Last year, a consulting group hired by the convention center board estimated that plan would cost the public $173 million, or 27 percent of the total cost of the hotel. An analysis by the Bureau of Government Research, however, said that the value of the public subsidies in the 2018 plan was closer to $330 million in 2018 dollars, or $739 million when accounting for inflation over the 40-year life of the deal. 

Stephen Stuart from the watchdog group the Bureau of Governmental Research was at Monday’s meeting and said the group would be analyzing the new deal as well. 

New terms

The development team is made up of Mathews Southwest Hospitality, Preston Hollow Capital and Provident Resources Group. The developers will get a fee equal to 3 to 5 percent of the project’s cost, which would come out to somewhere between $20 million and $34 million. It’s unclear how that money would be split between the developers. 

Omni Hotels, meanwhile, will receive a management fee of 3 percent of the hotel’s gross annual revenue. Sawaya said both the hotel fee and the developers’ fee are standard, and that this portion of the deal is still up for negotiation.

The remaining profits from the hotel, according to Sawaya, would be put in a fund that could only be used for two purposes: paying back hundreds of millions of dollars in bonds used to finance construction and making improvements to the hotel. 

The developers will issue bonds with interest rates ranging from 7 to 11 percent with an average  of 8.2 percent, Sawaya said, which will be paid back over 40 years. Once the bonds are completely paid back, the convention center would take ownership over the hotel and claim the profits.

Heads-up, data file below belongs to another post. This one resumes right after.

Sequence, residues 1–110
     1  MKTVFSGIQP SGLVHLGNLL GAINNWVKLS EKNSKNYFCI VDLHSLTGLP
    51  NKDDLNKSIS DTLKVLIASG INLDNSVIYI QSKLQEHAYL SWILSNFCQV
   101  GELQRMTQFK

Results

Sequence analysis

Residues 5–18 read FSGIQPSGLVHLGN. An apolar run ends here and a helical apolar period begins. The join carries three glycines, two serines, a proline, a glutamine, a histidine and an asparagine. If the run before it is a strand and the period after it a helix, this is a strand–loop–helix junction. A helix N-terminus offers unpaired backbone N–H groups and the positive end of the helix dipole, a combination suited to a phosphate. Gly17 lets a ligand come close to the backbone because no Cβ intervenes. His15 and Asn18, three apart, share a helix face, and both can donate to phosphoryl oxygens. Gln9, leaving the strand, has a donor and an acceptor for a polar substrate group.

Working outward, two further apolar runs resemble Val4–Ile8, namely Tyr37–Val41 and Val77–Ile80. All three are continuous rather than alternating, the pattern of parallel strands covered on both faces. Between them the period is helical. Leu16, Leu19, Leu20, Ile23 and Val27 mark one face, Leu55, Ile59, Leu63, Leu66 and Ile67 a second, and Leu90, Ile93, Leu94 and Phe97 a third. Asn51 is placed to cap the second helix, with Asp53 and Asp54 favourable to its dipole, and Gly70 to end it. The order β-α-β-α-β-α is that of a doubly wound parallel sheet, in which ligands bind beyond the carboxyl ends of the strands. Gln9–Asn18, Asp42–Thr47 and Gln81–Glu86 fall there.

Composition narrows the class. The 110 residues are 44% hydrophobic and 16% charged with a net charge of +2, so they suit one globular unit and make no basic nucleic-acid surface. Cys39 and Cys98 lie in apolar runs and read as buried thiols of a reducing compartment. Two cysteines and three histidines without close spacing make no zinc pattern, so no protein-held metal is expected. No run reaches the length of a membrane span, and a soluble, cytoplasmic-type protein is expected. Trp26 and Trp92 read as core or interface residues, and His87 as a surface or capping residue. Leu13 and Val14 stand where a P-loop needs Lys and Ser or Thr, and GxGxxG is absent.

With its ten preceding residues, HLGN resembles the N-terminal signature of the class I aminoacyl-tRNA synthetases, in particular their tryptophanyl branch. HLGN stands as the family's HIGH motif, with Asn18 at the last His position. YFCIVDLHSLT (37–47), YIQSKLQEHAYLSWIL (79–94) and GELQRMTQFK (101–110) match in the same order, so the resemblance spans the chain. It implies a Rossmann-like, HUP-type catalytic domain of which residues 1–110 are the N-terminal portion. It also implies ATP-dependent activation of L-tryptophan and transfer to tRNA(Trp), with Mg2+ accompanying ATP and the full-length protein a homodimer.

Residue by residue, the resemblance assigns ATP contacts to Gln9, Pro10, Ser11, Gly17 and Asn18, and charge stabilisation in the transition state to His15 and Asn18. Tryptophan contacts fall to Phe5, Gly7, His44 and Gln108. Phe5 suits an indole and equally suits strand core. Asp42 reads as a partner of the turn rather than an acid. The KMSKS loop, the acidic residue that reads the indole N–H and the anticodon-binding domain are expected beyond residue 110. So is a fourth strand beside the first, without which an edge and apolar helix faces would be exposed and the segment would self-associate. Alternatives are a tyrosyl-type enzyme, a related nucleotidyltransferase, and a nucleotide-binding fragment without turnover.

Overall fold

“They’re taking all the risk,” Sawaya said. “The bond holders have all the risk. And we take none.”

The convention center will also be contributing a direct cash payment to the construction costs. Under the 2018 deal, that was proposed at $41 million. Now, under the newly negotiated incentives package, it’s $7 million.

Last year’s proposal did not include any property tax payments at all. The hotel would initially be owned by a third-party nonprofit group, which, convention center officials claimed, would be exempt from taxation. (Orleans Parish Assessor Erroll Williams disputed that.) 

But under terms that were spelled out in HB 617, the proposal calls for the hotel’s developers to pay $3 to $5 million per year to the city and other taxing authorities, under a payment-in-lieu-of-taxes, or PILOT, arrangement. They will also make ground lease payments for the property, starting at $250,000 per year. 

But the bigger public contribution to the project will be the tax rebates. The hotel will be exempt from roughly half of local hotel occupancy taxes as well as 4.45 percent of the state sales tax. The exempted portion of the hotel taxes is dedicated to the convention center, the Louisiana Stadium and Entertainment District, tourism marketing and the state government. 

Also new in the deal: the convention center has agreed to finance the construction of a 900-space parking garage for the hotel. That $27.5 million expense, however, is not included in the official tally of publicly financed incentives. If it were, it would grow from $114 million to $141.5 million.

But convention center officials told The Lens that expense wasn’t counted as part of the incentives package because the public agency will own the asset, and the hotel will lease 200 of the 900 spots for $300,000 a year, increasing by 2 percent per year. 

‘Imagine this, when our city is starved of resources’